KBB Collective | The Designers' Corner

Sep 19 2013

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Referral marketing: six steps to building a referral network


Ask kitchen and bath designers what they believe to be their best source of new business and most will probably give you the same answer: referrals.

The only problem with referrals is you never get enough of them, so most designers cannot rely on customer referrals alone to keep their businesses going. What you can do, however, is maximize the number of referrals you get. But that takes a process like the six-step process outlined in this article.

Step 1 – Build a list.

You may already have a list in your head, but you need to write it down. Take some time to identify those people who know you, like you, trust you and would be willing to refer you to potential customers. This would include friends and family, past customers and your professional network. Your professional network would be people you do business with – remodelers, plumbers, electricians, appliance dealers and cabinetmakers. It would also include professionals like your accountant and lawyer.

This is not a list you would buy or rent. Keep it simple. Jot down names, addresses and emails for the people you know, then expand on this list over time.

Step 2 – Plan your outreach.

You need to reach out actively to these people to ask for referrals. You can’t just do it once – you need to reach out on a regular basis. The two best methods for this are email and direct mail. Email is fast, simple, cheap and you can do it frequently without being a pest. Direct mail can be by postcard or short letter. It is more personal than email, but it’s also more time consuming, and you will incur printing and postage costs.

Step 3 – Educate your contacts.

You may be surprised to learn how little people know about your work. Past customers only know what they bought from you. Your professional partners may only know about their interaction with you. But there may be other parts of your business they don’t know. When you ask people for referrals, try to educate them about everything you do, and help them understand the kind of customers you can best serve.

Step 4 – Offer incentives.

When you offer incentives to people in exchange for referrals, you are more likely to get their attention – and more referrals. It’s also true, however, that incentives can bring in some low-quality prospects. To avoid too much dilution of your lead quality, use a two-step incentive. Offer something small (a $5 coffee card) for each referral you receive and a larger gift, such as a gift basket or gift certificate, when the referral becomes a customer.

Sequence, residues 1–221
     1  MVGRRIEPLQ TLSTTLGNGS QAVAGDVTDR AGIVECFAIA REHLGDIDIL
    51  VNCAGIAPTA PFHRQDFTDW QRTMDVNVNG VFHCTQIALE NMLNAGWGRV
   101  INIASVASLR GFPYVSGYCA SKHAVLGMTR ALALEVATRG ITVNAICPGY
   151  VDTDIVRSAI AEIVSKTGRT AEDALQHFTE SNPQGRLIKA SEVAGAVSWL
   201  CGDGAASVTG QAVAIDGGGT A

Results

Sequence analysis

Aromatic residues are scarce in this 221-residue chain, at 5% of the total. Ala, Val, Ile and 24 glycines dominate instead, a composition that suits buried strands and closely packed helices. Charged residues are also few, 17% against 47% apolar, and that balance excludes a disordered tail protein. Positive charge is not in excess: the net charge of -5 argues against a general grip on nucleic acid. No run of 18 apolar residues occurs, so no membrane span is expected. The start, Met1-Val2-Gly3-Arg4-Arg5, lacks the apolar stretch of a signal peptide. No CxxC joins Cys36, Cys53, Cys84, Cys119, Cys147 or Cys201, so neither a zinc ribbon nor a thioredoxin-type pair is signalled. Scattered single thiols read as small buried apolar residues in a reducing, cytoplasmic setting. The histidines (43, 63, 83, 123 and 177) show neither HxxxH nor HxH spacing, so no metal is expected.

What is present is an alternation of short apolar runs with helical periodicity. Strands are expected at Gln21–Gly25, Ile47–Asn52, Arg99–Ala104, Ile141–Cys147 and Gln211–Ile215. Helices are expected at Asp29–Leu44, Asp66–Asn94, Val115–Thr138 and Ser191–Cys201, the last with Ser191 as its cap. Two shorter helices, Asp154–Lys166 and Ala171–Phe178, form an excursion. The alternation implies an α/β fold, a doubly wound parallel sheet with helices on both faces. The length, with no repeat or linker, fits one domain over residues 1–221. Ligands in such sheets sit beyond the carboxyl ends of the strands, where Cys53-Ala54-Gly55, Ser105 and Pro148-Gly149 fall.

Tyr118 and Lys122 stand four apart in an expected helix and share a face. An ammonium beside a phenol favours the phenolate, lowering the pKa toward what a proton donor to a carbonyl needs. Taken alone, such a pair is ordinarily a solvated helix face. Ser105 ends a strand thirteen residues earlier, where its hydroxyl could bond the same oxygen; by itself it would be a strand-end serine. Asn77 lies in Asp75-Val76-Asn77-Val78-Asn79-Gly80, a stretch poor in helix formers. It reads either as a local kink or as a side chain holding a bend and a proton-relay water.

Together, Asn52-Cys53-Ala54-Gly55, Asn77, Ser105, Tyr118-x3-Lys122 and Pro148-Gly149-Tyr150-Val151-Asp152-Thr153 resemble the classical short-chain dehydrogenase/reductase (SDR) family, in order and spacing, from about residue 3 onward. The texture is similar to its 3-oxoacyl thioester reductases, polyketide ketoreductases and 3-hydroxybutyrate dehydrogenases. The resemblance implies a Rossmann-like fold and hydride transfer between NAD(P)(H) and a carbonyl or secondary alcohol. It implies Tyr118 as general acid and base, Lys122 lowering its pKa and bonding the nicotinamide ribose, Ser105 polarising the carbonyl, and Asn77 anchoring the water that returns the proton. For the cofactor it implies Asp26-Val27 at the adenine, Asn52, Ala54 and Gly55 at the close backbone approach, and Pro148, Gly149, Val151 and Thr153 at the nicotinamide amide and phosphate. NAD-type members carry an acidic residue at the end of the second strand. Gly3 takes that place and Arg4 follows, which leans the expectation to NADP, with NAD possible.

Step 5- Say thank you. 

Whether or not you use incentives, be sure to say “thank you” for the referral. A handwritten thank you note is ideal. A phone call is good, but make sure you speak directly to the person. Don’t leave a message, and don’t leave this to email. Even if you do not offer incentives before a referral, you might want to send along a small gift as part of your thank you.

Step 6 – Return the favor. 

Your business partners are more likely to refer you if you do it first. Look at your professional network list, and think about what they do and who they serve. Make an effort to think about them when you meet prospective customers. Encourage your customer to use your name when they call your contact.  Plus, there’s nothing wrong with telling your business partner that you sent someone their way.

Bob McCarthy is a direct response marketing consultant and president of McCarthy & King Marketing.  He can be reached at 508-473-8643.  If you visit his website (www.mccarthyandking.com/kitchen-and-bath-marketing), you can download a FREE copy of The Kitchen & Bath Marketing Handbook.

This entry was posted on Thursday, September 19th, 2013 at 9:37 AM and is filed under Business, Marketing. You can follow any responses to this entry through the RSS 2.0 feed. You can leave a response, or trackback from your own site.

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